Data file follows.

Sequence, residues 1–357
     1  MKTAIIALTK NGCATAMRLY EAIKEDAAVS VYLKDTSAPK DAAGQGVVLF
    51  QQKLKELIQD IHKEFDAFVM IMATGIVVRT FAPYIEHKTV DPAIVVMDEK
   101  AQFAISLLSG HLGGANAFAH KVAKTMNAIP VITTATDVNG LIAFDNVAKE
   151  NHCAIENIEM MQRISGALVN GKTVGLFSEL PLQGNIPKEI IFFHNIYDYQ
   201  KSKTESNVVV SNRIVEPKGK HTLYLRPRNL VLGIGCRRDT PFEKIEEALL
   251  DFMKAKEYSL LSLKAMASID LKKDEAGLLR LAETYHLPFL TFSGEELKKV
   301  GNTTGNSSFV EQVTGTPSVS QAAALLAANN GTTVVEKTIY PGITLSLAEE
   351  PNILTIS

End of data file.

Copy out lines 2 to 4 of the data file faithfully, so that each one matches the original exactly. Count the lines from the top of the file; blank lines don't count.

     1  MKTAIIALTK NGCATAMRLY EAIKEDAAVS VYLKDTSAPK DAAGQGVVLF
    51  QQKLKELIQD IHKEFDAFVM IMATGIVVRT FAPYIEHKTV DPAIVVMDEK
   101  AQFAISLLSG HLGGANAFAH KVAKTMNAIP VITTATDVNG LIAFDNVAKE